And creates the first legit, private lottery company. The winning numbers, to be published each week, are just as random and unpredictable (if not more) than winning numbers from state lotteries. It can be designed so that the expected gains for participants are far more favorable and more closely aligned with what casinos offer: in short, the odds of winning and multiplying your (say) $20 bet by (say) 10 or 100, can easily be made much higher than in traditional lotteries. It even beats the stock market, if you look at the return over the last 15 years. So how is this possible, when large-scale lotteries are illegal everywhere and punished by many years of prison and gigantic fines?
The explanation is very simple. It also shows why math wizards are great candidates to run such a business. While the winning numbers generated look extremely random, just as random as traditional lottery winning numbers, they are actually produced by extremely rudimentary, short mathematical formulas. Think of the decimals of number Pi: they could be used as winning lottery numbers since they appear incredibly random, yet they can be computed very efficiently. Billions of them have been produced so far, so you could run a lottery for millions of years, just based on Pi's decimals. Nobody ever managed to prove that Pi's decimals are random, and it is possibly the biggest mathematical challenge of all times. We even offered a $500,000 award to solve an equally difficult question regarding another famous mathematical number.
So in reality, this lottery business is a disguised math competition, asking you a (say) $20 administrative fee to participate. A math wizard is far more likely to win than other people. You would have to change the word lottery to (say) lotteri in your business name, to avoid litigation, just like some banks called themselves banc rather than bank. Still, you are better off calling it a lotteri rather than a competition, to attract a large number of participants. And disclose the fact that numbers are indeed easily predictable, despite illusion of the contrary. It actually makes this lotteri trustworthy, as the generating formula for the winning numbers (typically a mathematical recurrence relationship) can be shared with authorities -- more on this complex issue below, especially on how to do it right. Even better, while state lotteries are a tax on innumeracy, this lotteri promotes mathematical education and interest, especially if run on a large scale, as people know that a trivial mathematical algorithm generates the winning numbers. You disclose the formula and change it every year, to further boost credibility.
Various levels of randomness can be offered to participants, using a trivial algorithm in all cases to generate winning numbers, so as to not be accused of running an actual lottery. You can produce numbers that are easier to guess, thus encouraging interest in mathematics in the general population, but offering lower pay-outs. Or at the other extreme, incredibly random-looking numbers, hard to guess, that will attract math and data science geniuses armed with massive data sets consisting of billions of decimals for tons of carefully selected numbers (and some Hadoop / Map-Reduce technology).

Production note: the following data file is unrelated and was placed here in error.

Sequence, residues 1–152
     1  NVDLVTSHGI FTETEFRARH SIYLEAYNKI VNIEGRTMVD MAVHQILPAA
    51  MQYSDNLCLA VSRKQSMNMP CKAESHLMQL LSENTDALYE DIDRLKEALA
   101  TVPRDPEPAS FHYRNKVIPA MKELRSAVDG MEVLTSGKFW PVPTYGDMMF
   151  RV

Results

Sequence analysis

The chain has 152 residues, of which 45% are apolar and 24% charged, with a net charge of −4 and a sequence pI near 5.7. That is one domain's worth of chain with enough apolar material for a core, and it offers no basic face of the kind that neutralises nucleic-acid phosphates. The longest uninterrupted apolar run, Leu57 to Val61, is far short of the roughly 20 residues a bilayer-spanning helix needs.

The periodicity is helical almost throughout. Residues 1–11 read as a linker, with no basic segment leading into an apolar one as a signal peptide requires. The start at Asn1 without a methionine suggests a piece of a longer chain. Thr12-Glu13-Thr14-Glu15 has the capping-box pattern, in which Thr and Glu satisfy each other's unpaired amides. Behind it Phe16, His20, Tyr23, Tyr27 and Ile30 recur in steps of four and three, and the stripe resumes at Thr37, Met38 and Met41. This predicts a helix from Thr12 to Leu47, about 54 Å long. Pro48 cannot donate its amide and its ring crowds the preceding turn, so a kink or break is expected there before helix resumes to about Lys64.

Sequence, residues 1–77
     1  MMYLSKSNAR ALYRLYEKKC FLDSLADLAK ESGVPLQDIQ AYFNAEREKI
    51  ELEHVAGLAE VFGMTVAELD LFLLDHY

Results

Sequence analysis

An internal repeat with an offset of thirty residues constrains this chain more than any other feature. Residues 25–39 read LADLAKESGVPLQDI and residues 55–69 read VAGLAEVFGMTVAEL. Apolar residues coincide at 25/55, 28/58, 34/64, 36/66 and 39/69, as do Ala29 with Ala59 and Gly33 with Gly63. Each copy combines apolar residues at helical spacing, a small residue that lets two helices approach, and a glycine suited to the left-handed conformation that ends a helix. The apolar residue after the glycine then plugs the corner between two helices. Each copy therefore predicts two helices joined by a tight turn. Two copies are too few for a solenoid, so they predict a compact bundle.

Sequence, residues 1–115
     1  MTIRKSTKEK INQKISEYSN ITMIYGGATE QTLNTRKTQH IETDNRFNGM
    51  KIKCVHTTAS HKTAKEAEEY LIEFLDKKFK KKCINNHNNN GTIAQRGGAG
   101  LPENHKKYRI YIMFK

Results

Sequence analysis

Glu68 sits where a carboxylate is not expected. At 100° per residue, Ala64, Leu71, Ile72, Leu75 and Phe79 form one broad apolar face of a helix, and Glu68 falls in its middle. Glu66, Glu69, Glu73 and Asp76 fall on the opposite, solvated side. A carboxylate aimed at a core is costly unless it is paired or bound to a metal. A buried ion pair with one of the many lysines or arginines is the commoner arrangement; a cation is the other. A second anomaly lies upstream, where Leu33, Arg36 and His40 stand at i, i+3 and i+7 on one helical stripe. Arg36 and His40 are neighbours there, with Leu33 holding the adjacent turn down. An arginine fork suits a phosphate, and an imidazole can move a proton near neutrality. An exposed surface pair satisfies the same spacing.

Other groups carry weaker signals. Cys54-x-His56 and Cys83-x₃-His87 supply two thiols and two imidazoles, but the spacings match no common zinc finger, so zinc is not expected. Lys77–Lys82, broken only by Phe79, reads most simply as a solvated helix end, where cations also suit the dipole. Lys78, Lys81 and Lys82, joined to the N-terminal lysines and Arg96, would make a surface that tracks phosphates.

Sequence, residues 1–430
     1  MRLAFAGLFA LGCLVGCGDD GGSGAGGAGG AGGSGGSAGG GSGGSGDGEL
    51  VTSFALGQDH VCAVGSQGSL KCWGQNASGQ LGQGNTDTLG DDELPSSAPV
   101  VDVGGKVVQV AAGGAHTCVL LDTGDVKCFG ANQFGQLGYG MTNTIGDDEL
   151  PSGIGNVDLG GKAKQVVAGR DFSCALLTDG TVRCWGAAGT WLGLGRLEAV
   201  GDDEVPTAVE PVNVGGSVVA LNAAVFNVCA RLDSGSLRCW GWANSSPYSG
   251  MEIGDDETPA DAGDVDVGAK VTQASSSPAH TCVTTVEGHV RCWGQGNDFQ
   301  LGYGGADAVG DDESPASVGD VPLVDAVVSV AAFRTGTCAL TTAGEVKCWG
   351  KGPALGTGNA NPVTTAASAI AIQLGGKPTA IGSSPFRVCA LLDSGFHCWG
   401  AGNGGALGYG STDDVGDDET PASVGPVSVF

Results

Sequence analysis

This latter model, offering bigger pay-outs to participants, might appeal to investors willing to fund this lotteri business, in exchange for equity in the company, to truly be able to offer bigger pay-outs to participants, like $1 million, in case a math genius guessed the right numbers earlier in the company's lifecycle, when the company hasn't gathered enough profits yet. Without VC or angel investor funding, the pay-out would be a re-distribution of the profit, and might be smaller initially. It would still be a viable business in my opinion, especially if you have access to a large mailing list to promote it, and the product and pricing is done right, based on probability theory, simulations/testing, and price/reward elasticity models (what any data scientist worth her salt should be able to determine).
Let's dive a bit deeper into this lotteri, to show how it works. Here is an example of implementation, based on the number SQRT(2)/2 represented in binary form - a sequence of 0 and 1 that looks extremely random, unpredictable, even though it is generated by this rudimentary, one-line recurrence formula, starting with p(0) = 0, p(1)= 1, e(1) = 2:
If 4p(n) + 1 < 2e(n) Then p(n+1) = 2p(n) + 1; e(n+1) = 4e(n) - 8p(n) - 2; d(n+1) = 1
Else p(n+1) = 2p(n); e(n+1) = 4e(n); d(n+1) = 0
The surprising result is that the d(n)'s represent the bits of SQRT(2)/2 when represented in base 2. Click here to check out the proof and for more general formulas about more complex numbers.
The lotteri would work as follows:
The very nice features about the above formula are
If you are interested in this project, please contact me at [email protected]
About the author:
Vincent Granville worked for Visa, eBay, Microsoft, Wells Fargo, NBC, a few startups and various organizations, to optimize business problems, boost ROI or to develop ROI attribution models, developing new techniques and systems to leverage modern big data and deliver added value. Vincent owns several patents, published in top scientific journals, raised VC funding, and founded a few startups. Vincent also manages his own self-funded research lab, focusing on simplifying, unifying, modernizing, automating, scaling, and dramatically optimizing statistical techniques. Vincent's focus is on producing robust, automatable tools, API's and algorithms that can be used and understood by the layman, and at the same time adapted to modern big, fast-flowing, unstructured data. Vincent is a post-graduate from Cambridge University.